Luke seems like a stereotype, but he has some surprises up his sleeves too. I think I am completely won over when, in one scene, Madeline gets rather jealous over some woman whom she assumes to be his ex-mistress. He tells her that he'd never slept with that woman. When Madeline accuses him of trying to defend himself, he gently corrects her. He's defending that woman mistakenly assumed by Madeline to be his ex-mistress. Oh, I can believe that Luke is a successful rake. He is discreet, he doesn't kiss and tell, and he can be the most gallant man around if I take away his childish emo drama about not wanting to love ever again.

And oh my, the sizzle between Madeline and Luke is just too hot for words. But it's not just fun and games in the bedroom - both characters communicate and forge an emotional bond very convincingly through conversations and all those tiny little gestures that actually say a lot outside the bedroom. Their romance feels so right, there is no way that they can be wrong.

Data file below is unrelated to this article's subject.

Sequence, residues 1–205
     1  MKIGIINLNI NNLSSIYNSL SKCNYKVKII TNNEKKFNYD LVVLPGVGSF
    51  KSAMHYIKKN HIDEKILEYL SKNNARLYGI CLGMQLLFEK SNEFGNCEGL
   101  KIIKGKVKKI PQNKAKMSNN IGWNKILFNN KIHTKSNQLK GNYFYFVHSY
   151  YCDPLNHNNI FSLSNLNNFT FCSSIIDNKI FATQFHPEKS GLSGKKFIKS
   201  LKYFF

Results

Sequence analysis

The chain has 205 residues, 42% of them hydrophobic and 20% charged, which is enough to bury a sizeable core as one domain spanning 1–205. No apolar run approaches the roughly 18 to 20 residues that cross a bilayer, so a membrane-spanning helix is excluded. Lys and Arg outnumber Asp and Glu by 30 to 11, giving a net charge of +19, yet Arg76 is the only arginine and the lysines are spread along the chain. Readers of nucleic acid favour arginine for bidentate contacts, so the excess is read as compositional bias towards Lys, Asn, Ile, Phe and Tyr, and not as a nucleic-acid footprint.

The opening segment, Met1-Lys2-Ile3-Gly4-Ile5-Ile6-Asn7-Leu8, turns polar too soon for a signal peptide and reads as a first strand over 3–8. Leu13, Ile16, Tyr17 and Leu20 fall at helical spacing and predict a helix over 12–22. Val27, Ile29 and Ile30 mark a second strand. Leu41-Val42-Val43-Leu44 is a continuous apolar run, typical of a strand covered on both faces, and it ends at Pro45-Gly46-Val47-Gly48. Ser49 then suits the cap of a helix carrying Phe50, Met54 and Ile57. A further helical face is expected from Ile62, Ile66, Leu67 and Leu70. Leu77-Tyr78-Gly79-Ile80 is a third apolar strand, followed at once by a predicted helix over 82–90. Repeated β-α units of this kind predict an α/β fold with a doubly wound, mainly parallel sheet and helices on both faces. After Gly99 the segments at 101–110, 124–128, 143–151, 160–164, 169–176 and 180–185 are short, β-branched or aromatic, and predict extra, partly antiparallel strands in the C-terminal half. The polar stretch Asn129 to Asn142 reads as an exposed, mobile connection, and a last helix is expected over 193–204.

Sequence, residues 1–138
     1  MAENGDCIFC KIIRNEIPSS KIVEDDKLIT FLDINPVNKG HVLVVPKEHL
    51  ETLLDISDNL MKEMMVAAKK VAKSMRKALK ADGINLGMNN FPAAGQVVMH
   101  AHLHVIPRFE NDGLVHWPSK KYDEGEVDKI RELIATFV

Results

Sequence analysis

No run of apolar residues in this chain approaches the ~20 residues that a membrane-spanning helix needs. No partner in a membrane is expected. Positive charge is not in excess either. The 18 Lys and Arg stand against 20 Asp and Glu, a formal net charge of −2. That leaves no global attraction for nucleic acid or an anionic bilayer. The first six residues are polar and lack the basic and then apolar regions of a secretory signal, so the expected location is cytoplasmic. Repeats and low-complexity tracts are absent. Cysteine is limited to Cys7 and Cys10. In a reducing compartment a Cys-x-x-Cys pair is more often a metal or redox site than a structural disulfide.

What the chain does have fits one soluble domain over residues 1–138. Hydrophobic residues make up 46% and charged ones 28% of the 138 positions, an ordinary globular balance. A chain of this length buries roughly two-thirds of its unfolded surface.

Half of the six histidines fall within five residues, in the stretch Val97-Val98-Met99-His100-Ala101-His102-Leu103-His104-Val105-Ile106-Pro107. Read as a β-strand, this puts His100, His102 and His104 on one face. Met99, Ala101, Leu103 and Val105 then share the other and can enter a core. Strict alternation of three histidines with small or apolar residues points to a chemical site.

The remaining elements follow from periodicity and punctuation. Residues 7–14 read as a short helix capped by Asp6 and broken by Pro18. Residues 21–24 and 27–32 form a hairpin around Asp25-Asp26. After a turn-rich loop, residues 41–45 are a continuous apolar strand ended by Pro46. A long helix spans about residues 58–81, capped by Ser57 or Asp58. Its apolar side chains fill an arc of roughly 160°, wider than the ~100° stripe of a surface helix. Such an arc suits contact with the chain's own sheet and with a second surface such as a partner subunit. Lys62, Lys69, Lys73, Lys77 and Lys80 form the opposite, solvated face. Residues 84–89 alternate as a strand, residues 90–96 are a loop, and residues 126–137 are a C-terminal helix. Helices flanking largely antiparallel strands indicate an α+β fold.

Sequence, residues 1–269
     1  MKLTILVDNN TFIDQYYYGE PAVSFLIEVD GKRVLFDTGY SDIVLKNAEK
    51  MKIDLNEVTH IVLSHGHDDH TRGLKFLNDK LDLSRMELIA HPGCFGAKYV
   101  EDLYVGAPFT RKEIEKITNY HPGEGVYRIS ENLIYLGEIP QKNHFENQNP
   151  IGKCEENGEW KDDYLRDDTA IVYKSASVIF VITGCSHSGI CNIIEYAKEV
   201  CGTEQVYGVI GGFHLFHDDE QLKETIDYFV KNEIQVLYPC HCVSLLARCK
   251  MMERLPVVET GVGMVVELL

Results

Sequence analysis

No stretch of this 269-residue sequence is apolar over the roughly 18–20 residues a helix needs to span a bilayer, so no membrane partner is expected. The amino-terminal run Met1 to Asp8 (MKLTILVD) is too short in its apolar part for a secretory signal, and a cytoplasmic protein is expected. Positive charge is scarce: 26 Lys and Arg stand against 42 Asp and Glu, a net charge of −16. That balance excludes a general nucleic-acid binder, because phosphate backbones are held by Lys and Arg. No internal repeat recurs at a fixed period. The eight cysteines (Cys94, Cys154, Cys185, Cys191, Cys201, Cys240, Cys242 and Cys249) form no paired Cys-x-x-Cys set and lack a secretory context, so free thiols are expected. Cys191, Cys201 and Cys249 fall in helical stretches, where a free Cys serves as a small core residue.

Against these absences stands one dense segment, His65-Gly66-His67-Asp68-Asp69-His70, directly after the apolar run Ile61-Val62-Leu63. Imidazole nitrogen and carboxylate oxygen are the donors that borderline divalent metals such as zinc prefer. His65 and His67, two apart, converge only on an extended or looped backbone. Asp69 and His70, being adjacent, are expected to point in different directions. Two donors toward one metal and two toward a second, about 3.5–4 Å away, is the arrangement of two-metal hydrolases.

Meanwhile, we have Luke's younger sister, Elizabeth, who is making her debut at 19 in the ballrooms of London, charming men with her dowry and looks, both of which are in abundance. Miles Hawthorne, her cousin who is fortunately not related to her by blood, is not amused. This one is an amusing twist on the classic "childhood enemies turned lovers" tale - it is the hero who is hopelessly besotted with the heroine first and always, and she realizes that she loves him only much later. Despite being known as a ladies' man, Miles couldn't bring himself to indulge in an affair with another woman, not since he realizes that he's in love with Elizabeth. The only reason he hasn't made his feelings known to Elizabeth is because he has no title to inherit and no money to call his own. He is working his way up in life, but he fears that, like Heathcliff, he may return home a rich man too late to claim Elizabeth as his own. But at the same time, he can't bear the thought of losing her to another man.